If Kevin McCloud were to do a South African version of Grand Designs I have no doubt that he might have waxed lyrical over this incredible property that I recently got to photograph for the New York Times’ International House Hunters magazine. It’s the very kind of orthogonal house design that he (and I) delight in.
From the outside there is nothing to suggest that anything remarkable is contained within this mostly single level, U-shaped home found in the Hawaan Forest Eco Estate in Umhlanga Rocks, but once I was inside it became very clear that everything here had been carefully thought out around open plan living. While I was standing in the kitchen the owner remarked to me that they can use the long expanse that joins the north and south wings of the house as a track to practise their sprints. I think she was joking but then she might not have been. Running through this section would certainly be possible because there is nothing to impede your progress alongside the formal dining room, family room and open kitchen, continuing down to an indoor atrium around which you’ll find a TV lounge / library, 4 bedrooms, home office and gym.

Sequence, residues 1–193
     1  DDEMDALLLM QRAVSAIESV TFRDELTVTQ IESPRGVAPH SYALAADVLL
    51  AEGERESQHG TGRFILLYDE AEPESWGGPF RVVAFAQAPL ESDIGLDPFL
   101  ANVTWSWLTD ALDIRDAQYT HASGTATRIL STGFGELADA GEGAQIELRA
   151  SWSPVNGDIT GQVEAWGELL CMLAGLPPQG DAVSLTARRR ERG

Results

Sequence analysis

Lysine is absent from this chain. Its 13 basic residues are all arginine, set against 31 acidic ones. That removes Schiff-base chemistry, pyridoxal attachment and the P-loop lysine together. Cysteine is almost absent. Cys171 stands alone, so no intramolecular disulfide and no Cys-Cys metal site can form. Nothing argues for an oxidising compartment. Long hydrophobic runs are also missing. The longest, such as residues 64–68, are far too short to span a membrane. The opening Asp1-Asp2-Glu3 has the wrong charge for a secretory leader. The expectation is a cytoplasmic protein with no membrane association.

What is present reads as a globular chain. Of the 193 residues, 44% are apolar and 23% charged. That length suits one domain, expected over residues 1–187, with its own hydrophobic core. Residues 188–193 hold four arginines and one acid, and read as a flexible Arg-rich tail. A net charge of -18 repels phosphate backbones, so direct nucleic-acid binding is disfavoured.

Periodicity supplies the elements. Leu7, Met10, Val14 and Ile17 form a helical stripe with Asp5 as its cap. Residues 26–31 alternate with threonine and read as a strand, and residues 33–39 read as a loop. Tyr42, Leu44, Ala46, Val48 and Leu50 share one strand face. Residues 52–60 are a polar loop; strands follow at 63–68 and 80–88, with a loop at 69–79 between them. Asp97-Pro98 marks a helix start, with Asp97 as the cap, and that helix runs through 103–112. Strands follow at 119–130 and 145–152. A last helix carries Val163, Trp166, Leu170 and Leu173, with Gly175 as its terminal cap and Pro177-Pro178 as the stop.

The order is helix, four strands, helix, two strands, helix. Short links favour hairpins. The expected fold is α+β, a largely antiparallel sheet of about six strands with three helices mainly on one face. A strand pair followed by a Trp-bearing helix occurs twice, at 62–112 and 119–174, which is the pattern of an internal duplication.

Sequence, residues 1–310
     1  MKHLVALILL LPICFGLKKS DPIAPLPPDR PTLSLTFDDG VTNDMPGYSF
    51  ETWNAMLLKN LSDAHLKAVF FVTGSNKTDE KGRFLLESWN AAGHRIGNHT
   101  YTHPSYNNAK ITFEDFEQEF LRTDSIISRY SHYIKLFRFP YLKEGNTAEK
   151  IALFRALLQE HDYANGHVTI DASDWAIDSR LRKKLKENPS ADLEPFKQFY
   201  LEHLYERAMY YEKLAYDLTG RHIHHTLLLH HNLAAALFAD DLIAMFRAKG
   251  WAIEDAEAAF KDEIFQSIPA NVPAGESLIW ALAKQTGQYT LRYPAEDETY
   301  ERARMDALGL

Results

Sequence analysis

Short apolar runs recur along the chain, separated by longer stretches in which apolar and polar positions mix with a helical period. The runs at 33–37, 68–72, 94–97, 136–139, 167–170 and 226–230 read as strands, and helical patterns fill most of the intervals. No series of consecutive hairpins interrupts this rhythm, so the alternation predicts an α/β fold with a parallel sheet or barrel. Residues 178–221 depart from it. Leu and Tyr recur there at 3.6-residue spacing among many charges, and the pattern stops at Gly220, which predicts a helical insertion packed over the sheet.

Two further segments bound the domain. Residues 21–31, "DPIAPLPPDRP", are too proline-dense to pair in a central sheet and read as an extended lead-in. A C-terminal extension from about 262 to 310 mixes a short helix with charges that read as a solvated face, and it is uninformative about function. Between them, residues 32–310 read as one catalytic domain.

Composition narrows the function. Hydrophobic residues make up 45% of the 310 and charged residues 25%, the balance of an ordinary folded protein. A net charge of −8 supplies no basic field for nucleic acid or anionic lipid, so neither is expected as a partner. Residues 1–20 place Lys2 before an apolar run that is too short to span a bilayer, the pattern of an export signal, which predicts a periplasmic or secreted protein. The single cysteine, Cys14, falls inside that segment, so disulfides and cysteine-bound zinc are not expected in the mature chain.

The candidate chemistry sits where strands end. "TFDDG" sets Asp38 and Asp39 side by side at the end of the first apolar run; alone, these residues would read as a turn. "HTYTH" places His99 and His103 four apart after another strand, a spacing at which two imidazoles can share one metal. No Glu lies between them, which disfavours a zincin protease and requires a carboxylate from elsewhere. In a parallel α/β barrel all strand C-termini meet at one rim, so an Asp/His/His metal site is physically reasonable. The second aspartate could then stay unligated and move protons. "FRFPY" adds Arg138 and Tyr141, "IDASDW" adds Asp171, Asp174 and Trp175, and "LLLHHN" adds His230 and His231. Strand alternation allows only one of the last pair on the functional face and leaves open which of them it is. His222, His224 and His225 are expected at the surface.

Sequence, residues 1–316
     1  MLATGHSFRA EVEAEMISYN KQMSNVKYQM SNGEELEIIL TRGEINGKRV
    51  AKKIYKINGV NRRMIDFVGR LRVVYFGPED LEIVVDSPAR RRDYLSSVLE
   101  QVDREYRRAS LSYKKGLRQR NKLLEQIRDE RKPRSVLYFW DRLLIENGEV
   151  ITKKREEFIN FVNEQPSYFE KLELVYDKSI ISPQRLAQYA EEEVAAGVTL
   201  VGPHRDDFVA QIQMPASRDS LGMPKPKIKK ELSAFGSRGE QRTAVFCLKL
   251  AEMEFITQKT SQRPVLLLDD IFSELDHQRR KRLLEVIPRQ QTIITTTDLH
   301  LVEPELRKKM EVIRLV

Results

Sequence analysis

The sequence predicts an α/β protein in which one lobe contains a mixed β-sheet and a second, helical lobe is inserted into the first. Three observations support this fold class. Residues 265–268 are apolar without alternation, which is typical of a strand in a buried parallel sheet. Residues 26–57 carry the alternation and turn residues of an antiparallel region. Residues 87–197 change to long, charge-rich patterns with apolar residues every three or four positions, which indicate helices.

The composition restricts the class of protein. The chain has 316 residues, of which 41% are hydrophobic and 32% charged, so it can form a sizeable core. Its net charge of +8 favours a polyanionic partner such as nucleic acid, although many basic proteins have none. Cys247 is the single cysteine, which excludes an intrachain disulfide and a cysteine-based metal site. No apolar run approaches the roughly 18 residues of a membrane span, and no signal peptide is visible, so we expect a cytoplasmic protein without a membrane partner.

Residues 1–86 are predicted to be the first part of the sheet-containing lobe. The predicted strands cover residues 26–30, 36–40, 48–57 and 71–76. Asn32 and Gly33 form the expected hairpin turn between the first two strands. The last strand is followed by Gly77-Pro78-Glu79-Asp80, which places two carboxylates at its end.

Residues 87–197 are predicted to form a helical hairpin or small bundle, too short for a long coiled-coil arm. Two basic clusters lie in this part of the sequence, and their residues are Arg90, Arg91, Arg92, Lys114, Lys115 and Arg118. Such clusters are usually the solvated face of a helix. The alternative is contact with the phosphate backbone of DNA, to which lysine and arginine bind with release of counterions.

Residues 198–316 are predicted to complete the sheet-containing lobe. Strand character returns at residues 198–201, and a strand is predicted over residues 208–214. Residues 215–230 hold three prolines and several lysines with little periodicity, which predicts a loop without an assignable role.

The eastern border of the home has a long lap pool, with a jacuzzi at one end, as well as another large lounge and shuttered entertainment / informal dining area on the northern wing. The bar area found on that end is spacious, inviting and quite unlike the traditional bar areas normally found in entertainer’s houses. It’s essentially a large marble rectangle with an illuminated glass top that everybody can sit around. There’s a drinks station at one end (kind of an annex L-shape), so the host is never isolated behind a barrier. I like this idea a lot.
Some other very cool features of the property include the skylights and open beam roof. Oh yes, there’s an incredible wine cellar and 8 car garage underneath the entertainment area.
I could certainly see myself living in a modern place like this, but I’d have to find the ultimate get super rich quick scheme. The asking price is a cool R48.5 million. Hat’s off to the owners and designers who have created this private wonderland in one of the most desirable addresses in the Durban area.
Here’s a link to the article in the NYT.